Elizabeth Ridgeway

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Elizabeth Ridgeway
Elizabeth Husbands

prior to 1653
Ibstock, Leicestershire, England
Died24 March 1684
Leicester, England
Criminal chargeMurder
PenaltyDeath by burning
Span of crimes
CountryKingdom of England

Elizabeth Ridgeway (died 24 March 1684) was an English woman convicted of poisoning her husband.[1] While awaiting execution by burning at the stake, she confessed to previously poisoning her mother, a fellow servant, and a lover.

Ridgeway poisoned each of her victims by mixing white mercury or arsenic into her intended victim's food or drink.[2]


Elizabeth Ridgeway, née Husbands, was born in the mid-17th century on a farm outside Ibstock, Leicestershire, England. She lived at home until about age 29, poisoning her mother after an argument, about a year before she took a job in town as a household servant. She poisoned a male co-worker in her household with arsenic, reportedly after developing a grudge against this individual.[3] Ridgeway had many suitors during this time and poisoned John King in 1682 after she had backed herself into a corner romantically, having promised too much to King. She far preferred the wealthier Thomas Ridgeway and married him on 1 February 1683 after waiting through the winter.[4]

"A True relation of four most barbarous and cruel MURDERS committed in Leicester-shire by ELIZABETH RIDGWAY; The Like not Known in any Age. With the Particulars of Time, Place, (and other Circumstances)..." Printed by George Croom, 1684

All was not bliss as Ridgeway's sister called in his £20 debt to her shortly after the marriage, which nearly bankrupted the couple. She contemplated suicide for a time, but ultimately stirred some arsenic that she had purchased earlier in Ashby-de-la-Zouch into her husband's broth while he was at church. He ate most of it although he complained to his apprentices that it was gritty. Thomas Ridgeway died that evening, three weeks and three days after their wedding.[5]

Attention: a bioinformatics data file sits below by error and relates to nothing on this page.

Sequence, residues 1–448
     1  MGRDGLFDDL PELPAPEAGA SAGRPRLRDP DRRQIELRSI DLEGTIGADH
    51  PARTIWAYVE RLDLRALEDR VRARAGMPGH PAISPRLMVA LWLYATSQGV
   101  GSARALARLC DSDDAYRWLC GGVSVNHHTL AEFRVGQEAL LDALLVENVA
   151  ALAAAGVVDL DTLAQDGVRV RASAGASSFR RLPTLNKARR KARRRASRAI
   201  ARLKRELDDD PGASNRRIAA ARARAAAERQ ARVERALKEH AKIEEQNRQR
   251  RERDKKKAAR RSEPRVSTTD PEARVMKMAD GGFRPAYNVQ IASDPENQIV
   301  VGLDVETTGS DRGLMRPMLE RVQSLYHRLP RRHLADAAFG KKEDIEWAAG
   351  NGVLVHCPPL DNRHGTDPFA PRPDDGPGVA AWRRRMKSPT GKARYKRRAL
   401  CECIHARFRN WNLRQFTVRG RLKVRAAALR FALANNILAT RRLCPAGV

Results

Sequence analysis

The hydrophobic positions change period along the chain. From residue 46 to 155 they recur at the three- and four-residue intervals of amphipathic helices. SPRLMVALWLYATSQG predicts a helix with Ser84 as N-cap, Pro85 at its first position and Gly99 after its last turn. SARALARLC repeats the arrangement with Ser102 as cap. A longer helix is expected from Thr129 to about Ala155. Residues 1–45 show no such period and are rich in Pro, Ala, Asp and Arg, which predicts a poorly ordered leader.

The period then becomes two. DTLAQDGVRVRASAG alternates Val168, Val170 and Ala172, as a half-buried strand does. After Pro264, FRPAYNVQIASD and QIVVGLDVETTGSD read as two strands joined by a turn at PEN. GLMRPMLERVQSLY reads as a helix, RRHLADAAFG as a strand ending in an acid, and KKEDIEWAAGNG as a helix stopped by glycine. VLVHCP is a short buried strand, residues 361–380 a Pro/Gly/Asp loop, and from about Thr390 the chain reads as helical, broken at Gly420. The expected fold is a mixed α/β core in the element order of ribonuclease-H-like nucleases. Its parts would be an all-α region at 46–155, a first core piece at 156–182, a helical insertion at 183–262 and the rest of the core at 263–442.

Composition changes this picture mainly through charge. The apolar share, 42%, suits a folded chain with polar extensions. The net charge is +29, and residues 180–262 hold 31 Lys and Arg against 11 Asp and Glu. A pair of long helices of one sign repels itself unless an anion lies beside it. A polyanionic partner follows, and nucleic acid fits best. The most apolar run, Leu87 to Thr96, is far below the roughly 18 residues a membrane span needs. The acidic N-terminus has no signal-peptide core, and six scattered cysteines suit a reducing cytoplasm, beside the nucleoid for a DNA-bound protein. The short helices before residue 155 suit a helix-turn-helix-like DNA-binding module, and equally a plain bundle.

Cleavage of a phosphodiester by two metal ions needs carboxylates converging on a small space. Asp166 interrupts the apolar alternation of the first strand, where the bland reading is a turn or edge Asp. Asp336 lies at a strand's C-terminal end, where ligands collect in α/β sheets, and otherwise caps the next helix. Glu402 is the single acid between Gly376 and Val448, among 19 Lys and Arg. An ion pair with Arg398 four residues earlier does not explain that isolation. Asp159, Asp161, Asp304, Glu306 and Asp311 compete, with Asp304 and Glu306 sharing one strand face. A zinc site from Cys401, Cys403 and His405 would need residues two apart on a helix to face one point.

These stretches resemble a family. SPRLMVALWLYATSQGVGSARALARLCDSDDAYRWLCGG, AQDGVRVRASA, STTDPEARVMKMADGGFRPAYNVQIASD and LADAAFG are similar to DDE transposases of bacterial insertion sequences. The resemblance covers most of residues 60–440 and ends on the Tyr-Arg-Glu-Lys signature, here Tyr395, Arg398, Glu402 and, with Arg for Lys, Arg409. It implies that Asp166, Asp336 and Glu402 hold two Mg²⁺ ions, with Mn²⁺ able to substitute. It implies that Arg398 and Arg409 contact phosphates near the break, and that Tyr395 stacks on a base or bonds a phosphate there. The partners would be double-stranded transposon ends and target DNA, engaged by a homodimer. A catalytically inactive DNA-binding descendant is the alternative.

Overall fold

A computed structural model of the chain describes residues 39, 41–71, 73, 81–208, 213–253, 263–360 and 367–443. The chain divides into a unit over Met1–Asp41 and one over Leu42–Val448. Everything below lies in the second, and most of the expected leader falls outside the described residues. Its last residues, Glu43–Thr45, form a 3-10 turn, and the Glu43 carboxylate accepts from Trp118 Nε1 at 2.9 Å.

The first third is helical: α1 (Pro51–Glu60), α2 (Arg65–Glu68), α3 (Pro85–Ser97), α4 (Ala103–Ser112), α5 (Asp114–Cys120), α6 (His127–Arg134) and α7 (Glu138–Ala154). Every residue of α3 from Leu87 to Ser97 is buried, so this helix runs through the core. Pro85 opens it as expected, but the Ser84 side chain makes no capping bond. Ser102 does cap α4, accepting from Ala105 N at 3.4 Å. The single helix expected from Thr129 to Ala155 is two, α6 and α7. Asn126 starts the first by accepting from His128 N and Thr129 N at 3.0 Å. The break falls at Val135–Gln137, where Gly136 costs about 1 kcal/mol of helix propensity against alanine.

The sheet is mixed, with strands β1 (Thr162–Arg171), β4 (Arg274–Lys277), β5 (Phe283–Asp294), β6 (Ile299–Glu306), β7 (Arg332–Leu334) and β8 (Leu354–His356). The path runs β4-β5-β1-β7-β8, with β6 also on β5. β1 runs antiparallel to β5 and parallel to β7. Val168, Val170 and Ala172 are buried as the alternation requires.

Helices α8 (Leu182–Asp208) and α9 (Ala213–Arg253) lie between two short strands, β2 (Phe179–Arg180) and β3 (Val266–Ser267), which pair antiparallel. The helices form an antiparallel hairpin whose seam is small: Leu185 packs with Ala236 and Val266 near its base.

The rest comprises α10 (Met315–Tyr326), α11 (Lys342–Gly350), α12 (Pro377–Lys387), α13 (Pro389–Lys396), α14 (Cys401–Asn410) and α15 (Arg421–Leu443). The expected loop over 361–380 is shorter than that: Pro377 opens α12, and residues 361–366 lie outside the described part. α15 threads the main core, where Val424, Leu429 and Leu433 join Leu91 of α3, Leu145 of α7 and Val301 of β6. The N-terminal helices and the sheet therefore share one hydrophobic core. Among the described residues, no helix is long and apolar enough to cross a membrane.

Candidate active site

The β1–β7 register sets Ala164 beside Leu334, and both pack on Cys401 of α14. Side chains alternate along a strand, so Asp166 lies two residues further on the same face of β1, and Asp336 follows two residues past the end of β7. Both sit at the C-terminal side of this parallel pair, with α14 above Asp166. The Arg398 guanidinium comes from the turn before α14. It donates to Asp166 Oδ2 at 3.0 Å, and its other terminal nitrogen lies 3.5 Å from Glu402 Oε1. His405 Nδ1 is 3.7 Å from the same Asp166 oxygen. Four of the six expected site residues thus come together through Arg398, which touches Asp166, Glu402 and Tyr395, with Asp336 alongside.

The apprentices suspected poisoning and, after her attempt to feed them arsenic-laced porridge failed, she attempted to bribe them into silence. One of them reported his suspicions to Ridgeway's in-laws and the local justice of the peace ordered an inquest by the coroner. Examination of the body confirmed that he had been poisoned and Elizabeth Ridgeway was jailed in Leicester to await trial. To test her guilt, she was supposedly forced to touch her husband's body in the belief that the body of the victim would spontaneously bleed in the presence of the murderer (cruentation) and the body gushed blood at the nose and mouth. During her trial on 14 March, she pled not guilty, but was convicted and sentenced to burn.[6]

Despite some protests over the severity of the sentence, the judge refused to relent, but did ask John Newton, a local clergyman, to counsel Ridgeway. She had no interest in making her peace with God and toyed with him by promising full confessions multiple times before changing her mind. She finally admitted on the morning of her execution that she had poisoned her mother, a fellow servant, John King, and her husband and confessed that she had thought of suicide around the time of her mother's death three years previously.[7]

See also[edit]


  1. ^ Newton, John (1684). The penitent recognition of Joseph's brethren. London: Printed for Richard Chiswel. p. 1.
  2. ^ A True Relation of Four Most Barbarous and Cruel Murders Committed in Leicestershire by Elizabeth Ridgeway. London: Printed by Geo[rge]. Croom, at the Sign of the Blew Ball over against Baynard's Castle in Thames-street. 1684 – via Google Books.
  3. ^ "On This Day in History: 24 March 1684". cottagecapers.com. Archived from the original on 27 February 2021. Retrieved 27 December 2020.
  4. ^ Telfer 2017, chapter 4, Flirting in Seventeenth-Century England
  5. ^ Telfer 2017, chapter 4, Ashby-de-la-Zouch
  6. ^ Telfer 2017, chapter 4, The Body Bleeds
  7. ^ Telfer 2017, chapter 4, The Body Bleeds and False Creature